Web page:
Tuesday, April 18, 2017

Is Redundancy a Valid Argument?

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Interservice competition has always been a problem since the creation of the different branches of the U.S. military. Over time, cooperation has indeed increased, leaving little room for competition, however, this issue still remains. Some reasons why competition thrives and cooperation is dwindled are redundancy, service culture, quest for autonomy, resource conflicts, and turf battles. It is not uncommon for redundancy to be listed as one of the reasons why interservice cooperation is impeded. However is this reason actually rational?

The United States services/branches have broken down along a sea, air, land medium logic. The United States Armed Forces consist of the Army, Marine Corps, Navy, Air Force, and Coast Guard. Each unit is designed to work individually and as a team. Instead of unified services in accord, we have services competing to be the most relevant and while some inter service competition can be positive, it is mostly negative. The argument of redundancy is made because there are supposedly many overlapping capabilities which are both a cause and consequence of fighting.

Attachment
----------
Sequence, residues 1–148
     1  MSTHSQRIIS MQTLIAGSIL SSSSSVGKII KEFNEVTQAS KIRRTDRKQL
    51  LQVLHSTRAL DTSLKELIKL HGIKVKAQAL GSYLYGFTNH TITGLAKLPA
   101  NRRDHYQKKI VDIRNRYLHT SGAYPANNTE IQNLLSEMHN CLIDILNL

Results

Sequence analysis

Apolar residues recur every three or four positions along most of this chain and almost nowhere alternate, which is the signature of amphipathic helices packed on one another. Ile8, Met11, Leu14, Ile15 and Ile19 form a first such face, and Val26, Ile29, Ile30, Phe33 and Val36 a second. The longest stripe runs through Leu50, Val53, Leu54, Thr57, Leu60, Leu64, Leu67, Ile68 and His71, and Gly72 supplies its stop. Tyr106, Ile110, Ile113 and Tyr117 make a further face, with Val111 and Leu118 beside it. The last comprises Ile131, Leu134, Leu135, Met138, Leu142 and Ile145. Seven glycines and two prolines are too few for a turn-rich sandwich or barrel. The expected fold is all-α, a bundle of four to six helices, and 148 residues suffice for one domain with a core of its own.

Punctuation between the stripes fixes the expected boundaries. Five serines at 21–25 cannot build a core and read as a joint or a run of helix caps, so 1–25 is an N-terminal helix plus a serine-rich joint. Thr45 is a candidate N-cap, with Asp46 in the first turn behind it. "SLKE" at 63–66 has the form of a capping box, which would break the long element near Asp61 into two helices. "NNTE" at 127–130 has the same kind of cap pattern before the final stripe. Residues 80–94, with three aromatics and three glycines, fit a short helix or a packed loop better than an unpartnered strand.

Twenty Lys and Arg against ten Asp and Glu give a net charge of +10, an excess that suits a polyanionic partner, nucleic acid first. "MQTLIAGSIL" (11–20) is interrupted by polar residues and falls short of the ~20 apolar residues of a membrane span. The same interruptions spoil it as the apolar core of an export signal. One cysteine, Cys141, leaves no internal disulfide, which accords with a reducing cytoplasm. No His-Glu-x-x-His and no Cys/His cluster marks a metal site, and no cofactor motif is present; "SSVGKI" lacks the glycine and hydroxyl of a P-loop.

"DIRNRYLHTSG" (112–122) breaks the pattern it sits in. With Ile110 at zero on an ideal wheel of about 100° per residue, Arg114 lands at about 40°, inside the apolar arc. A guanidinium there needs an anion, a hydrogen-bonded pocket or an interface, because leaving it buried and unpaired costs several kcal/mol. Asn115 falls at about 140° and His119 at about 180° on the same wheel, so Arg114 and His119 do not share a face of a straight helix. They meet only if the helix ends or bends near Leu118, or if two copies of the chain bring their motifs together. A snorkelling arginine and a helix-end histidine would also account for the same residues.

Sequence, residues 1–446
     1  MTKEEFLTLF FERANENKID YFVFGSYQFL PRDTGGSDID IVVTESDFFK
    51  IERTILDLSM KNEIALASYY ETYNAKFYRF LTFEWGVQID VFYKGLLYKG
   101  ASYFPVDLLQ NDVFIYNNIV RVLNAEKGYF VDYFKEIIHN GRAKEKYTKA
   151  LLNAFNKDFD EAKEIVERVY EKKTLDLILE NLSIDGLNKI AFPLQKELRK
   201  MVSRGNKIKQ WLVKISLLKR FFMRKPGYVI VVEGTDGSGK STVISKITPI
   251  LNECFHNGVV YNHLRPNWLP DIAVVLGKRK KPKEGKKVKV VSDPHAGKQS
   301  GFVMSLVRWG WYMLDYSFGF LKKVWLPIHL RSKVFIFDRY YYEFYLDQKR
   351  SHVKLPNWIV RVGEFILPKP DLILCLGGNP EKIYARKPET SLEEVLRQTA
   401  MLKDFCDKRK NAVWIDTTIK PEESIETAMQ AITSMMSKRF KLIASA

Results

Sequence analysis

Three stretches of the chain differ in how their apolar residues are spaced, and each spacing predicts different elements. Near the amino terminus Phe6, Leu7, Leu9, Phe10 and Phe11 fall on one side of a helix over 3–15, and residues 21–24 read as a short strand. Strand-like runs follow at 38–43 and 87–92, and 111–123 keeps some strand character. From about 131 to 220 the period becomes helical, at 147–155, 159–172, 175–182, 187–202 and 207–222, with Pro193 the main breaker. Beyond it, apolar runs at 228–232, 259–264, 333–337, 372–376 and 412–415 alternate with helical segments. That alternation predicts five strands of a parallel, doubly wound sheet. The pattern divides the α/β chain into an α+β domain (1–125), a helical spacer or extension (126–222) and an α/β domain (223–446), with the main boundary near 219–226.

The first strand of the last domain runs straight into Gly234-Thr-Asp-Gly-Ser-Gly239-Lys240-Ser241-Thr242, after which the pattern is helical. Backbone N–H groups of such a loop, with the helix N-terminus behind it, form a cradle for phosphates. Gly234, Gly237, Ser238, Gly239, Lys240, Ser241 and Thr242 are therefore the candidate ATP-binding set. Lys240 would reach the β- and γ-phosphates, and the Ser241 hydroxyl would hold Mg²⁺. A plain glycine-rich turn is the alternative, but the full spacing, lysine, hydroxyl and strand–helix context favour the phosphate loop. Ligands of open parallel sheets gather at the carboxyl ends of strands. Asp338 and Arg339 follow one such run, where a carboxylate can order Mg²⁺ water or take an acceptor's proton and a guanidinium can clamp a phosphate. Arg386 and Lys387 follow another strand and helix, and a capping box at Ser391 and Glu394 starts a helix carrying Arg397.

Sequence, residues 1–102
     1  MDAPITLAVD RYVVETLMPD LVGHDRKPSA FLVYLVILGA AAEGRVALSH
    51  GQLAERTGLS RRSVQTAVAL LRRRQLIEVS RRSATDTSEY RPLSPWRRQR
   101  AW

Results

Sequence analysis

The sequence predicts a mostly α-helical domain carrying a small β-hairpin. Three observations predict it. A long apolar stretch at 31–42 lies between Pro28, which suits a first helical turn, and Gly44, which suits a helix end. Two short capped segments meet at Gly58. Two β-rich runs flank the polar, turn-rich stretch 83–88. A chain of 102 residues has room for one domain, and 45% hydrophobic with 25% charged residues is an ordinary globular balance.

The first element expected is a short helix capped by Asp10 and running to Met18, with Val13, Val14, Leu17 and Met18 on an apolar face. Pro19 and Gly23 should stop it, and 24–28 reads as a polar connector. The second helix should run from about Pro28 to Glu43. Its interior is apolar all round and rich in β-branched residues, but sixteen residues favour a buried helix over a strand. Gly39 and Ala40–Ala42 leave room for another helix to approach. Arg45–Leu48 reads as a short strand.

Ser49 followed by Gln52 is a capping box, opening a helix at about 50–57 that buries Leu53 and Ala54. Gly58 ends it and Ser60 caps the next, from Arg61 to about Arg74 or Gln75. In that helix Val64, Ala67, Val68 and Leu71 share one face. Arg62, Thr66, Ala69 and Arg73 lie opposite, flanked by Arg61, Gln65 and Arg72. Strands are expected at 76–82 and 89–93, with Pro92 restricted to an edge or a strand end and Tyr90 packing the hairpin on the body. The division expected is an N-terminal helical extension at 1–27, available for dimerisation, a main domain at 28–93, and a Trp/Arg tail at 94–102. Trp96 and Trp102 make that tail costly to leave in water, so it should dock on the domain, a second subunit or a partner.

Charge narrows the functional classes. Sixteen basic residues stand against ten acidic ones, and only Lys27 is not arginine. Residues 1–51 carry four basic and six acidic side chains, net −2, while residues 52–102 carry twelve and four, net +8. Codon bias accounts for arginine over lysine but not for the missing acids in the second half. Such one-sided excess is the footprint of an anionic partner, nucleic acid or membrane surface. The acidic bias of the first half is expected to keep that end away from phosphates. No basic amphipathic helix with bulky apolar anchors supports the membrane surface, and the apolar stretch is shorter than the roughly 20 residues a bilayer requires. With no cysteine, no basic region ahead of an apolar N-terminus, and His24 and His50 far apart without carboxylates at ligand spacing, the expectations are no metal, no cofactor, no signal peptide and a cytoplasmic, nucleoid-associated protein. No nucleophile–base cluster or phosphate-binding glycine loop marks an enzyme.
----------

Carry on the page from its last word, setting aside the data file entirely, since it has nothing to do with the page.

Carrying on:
Each branch of the Armed Forces has been equipped with its own mission, vision and culture. They each have their own goals and mediums of operation. Why then do these military branches blame redundancy for their inability to cooperate? On April 7th, the US Navy carried out a strike against Syria. The USS Porter fired a Tomahawk Cruise Missile from the Mediterranean Sea. On April 13th 7:32pm local time, The GBU-43/B Massive Ordnance Air Blast bomb (MOAB) was dropped by the United States Air Force on a network of fortified underground tunnels that ISIS had been using to stage attacks on government forces. On April 13th, it was confirmed that 40 more U.S. Army soldiers will be sent into Somalia to train Somali soldiers. In the argument of redundancy, any branch could have performed any of these operations.
For the most part, it seems the only redundant part of this is national security. If everyone focused on their medium of operation and set goals, there would be little concern about who can do what best. The Air Force training allows for Air Forces officers to excel above and beyond in the air. Sending Air Force officials into Somalia to train Somalian Forces might be successful as well but arguably not as effective as the Army. Lastly, the separation of Forces allows for efficient delegation of tasks. When an operation is to be carried out, given the description of the mission, it is obvious what military branch is responsible for carrying out that mission. Having just one joint military would just turn an already chaotic situation into a more chaotic one.

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